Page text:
What is SEPIC Converter? – Circuit Design, Operation & Advantages

What is SEPIC Converter?

SEPIC stands for single-ended primary-inductor converter. SEPIC is basically a type of dc-to-dc converter which allows a range of dc voltage at its input side and gives a stable voltage at the output side. This type of converter is quite similar to buck-boost and Cuk converters which provide an output voltage greater than, less than, or equal to its input voltage.

Similar to the buck-boost converter SEPIC converter uses the functions of a buck and boost converter. Compared to the buck-boost converter, a SEPIC converter offers some advantages like the polarities of the input and output voltages being the same, high efficiency, and the capacitor isolating the input and output side.

Circuit Diagram of SEPIC Converter :

The schematic diagram of a basic single-ended primary-inductor converter (SEPIC) is shown in the below figure. Similar to buck-boost and Cuk converters SEPIC converter also uses inductors and capacitors in order to obtain the regulated output.

SEPIC converter

The circuit consists of two inductors, two capacitors, and two static switches. Static switches are basically semiconductor devices in which one will be a diode and another will be typically a transistor (MOSFET or IGBT or BJT). The diode will be an uncontrolled switch that will turn ON and OFF automatically depending upon the voltage across it.

Due to higher input impedance and lower voltage drop, MOSFET is preferred over IGBT and BJT in most of the dc-to-dc converters. MOSFET will be controlled by controlling the gate terminal using PWM signals.

Working of SEPIC Converter :

When the MOSFET is switched ON by applying gate pulse, the source current starts flowing through the inductor L1, MOSFET, and back to the source as shown below. This causes the inductor’s current IL1 to increase and thus inductor will start charging from the input source.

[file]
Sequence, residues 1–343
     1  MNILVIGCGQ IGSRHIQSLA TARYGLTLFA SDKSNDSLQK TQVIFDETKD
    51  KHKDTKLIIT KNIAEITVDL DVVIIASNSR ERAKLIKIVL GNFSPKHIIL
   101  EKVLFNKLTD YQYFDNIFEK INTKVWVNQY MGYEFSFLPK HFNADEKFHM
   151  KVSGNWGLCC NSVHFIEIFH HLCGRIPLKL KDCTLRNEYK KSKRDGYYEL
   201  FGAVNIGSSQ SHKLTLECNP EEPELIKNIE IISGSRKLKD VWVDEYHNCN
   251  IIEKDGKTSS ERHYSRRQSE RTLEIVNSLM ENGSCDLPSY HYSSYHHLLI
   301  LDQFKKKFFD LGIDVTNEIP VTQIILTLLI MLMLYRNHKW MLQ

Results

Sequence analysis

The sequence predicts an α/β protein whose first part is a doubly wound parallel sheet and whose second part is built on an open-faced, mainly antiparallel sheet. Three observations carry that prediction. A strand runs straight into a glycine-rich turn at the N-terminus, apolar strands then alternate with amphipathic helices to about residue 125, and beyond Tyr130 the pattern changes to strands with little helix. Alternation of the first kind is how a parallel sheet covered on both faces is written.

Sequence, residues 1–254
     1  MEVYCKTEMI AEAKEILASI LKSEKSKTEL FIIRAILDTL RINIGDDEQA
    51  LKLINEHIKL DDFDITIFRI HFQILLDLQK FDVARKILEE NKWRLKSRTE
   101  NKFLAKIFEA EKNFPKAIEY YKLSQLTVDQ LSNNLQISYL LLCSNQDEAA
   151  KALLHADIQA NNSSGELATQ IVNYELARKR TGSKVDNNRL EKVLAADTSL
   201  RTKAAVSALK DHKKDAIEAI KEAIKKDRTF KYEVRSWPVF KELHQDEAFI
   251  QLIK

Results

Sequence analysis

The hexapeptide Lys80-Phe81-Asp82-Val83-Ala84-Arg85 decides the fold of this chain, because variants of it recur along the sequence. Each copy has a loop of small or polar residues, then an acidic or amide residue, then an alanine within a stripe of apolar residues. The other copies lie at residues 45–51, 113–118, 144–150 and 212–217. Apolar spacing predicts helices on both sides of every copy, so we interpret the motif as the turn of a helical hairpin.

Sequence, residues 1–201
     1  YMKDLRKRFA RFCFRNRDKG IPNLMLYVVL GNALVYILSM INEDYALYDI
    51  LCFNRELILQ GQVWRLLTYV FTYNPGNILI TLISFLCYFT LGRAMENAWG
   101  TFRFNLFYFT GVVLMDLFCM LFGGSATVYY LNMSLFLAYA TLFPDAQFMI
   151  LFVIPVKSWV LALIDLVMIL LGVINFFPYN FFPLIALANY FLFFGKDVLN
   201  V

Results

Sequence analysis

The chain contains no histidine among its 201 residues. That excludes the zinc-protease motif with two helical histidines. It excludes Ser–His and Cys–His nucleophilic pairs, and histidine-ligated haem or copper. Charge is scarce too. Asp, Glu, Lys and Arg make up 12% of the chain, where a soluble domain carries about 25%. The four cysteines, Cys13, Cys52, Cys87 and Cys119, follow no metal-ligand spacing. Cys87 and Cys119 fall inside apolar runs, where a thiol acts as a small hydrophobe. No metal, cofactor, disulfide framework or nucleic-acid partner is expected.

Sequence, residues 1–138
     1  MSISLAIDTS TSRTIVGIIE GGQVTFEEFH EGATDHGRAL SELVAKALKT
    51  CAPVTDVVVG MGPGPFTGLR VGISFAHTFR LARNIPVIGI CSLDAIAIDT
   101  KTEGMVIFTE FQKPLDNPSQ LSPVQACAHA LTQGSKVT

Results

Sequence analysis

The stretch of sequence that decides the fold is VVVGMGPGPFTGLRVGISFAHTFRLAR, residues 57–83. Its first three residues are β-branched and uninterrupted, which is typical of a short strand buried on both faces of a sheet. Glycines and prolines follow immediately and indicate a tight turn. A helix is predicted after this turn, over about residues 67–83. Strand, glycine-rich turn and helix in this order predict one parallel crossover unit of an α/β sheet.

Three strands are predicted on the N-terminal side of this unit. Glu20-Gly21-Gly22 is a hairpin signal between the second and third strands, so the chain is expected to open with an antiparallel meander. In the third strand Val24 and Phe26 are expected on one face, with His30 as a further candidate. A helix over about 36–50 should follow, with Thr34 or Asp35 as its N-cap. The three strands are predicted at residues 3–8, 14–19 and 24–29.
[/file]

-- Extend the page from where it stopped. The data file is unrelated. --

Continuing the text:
SEPIC converter

When the inductor L1 is in charing, the instantaneous voltage VL1 of inductor L1 will be approximately equal to the source voltage Vin. Also when MOSFET is ON, the inductor L2 is charged by energy released by the capacitor C1. The capacitor C1 will dissipate its energy to inductor L2 through the MOSFET as shown above.

Now once the MOSFET is turned OFF by removing the gate pulse, the inductor L1 doesn’t allow a sudden change in current and the polarity of the inductor reverses according to the Lenz law. Thus the inductor will start discharging in the reverse direction and supplies its energy to the capacitor C1 as shown below.

SEPIC converter

The capacitor C1 which was discharged when MOSFET is turned ON will be charged by inductor L1. Consequently, the charged inductor L2 will also start discharging in the reverse direction due to which the diode gets forward biased, and the energy dissipated from the inductor L2 will be transferred to the load.

Again when the MOSFET is switched ON, the cycle again repeats i.e., the inductors L1 and L2 will be charged by source and capacitor C1 respectively. The SEPIC converter can be operated either in discontinuous conduction mode or continuous conduction mode depending upon whether the current through either of the inductors is made to fall to zero or not. The below shows the current and voltage waveforms.

SEPIC converter

Advantages of SEPIC Converter :

  • In buck-boost and Cuk converters the polarity of the output voltage will be opposite of the input voltage i.e., an inverted output voltage will be obtained. Whereas in SEPIC the polarity of the output voltage will be the same as the input voltage.
  • The capacitor C1 will isolate the input and output sides from each other i.e., an abnormal condition occurring on any side of the circuit will not affect the other side.
  • Reduced input current ripple.
  • Cuk and buck-boost converter operation cause a large amount of electrical stress on the components which can be overcome in SEPIC.
  • High efficiency and stable operation.
  • The use of coupled inductor instead of two inductors (two inductors wound onto the single core) makes the circuit compact.

Disadvantages of SEPIC Converter :

  • Similar to the buck-boost converter, the output current of SEPIC can be pulsating. Whereas in the Cuk converter the output current is continuous.
  • All the current from the source to load has to go through capacitor C1, thus a capacitor of high capacitance and current handling capability is required.
  • Since the voltage across the capacitor C1 reverses for every cycle it should be of a non-polarized type.

Applications of SEPIC Converter :

  • DC power supply systems with unregulated inputs.
  • Battery-operated equipment.
  • Lighting applications.

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